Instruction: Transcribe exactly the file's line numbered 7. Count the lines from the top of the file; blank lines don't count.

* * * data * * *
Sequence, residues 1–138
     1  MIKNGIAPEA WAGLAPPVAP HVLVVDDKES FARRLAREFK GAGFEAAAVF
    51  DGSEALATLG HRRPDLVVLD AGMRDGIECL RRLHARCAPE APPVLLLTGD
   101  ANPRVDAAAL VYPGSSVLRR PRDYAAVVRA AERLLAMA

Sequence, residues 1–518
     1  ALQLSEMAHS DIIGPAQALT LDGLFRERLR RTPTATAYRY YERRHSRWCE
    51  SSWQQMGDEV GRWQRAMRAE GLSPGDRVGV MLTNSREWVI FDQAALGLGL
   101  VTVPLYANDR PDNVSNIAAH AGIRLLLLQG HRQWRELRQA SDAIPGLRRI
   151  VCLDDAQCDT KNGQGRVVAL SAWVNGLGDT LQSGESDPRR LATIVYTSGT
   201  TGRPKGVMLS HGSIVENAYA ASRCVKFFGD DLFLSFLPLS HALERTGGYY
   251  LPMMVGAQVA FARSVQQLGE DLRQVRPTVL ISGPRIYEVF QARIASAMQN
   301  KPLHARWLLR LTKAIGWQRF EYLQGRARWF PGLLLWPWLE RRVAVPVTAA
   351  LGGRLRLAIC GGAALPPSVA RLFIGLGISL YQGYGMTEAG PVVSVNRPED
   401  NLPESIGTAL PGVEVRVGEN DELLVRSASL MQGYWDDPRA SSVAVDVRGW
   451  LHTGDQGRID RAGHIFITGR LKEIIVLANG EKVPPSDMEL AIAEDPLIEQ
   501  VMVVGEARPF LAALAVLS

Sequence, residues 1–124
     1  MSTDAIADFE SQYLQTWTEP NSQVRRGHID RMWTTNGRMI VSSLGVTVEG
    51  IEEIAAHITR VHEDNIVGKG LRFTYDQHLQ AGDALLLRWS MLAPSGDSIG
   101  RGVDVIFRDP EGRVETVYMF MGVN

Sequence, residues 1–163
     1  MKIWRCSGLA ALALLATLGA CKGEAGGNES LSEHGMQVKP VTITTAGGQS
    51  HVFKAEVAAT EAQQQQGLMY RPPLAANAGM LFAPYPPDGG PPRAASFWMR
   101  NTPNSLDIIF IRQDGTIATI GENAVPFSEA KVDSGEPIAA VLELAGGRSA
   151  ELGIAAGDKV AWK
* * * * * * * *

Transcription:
    51  SSWQQMGDEV GRWQRAMRAE GLSPGDRVGV MLTNSREWVI FDQAALGLGL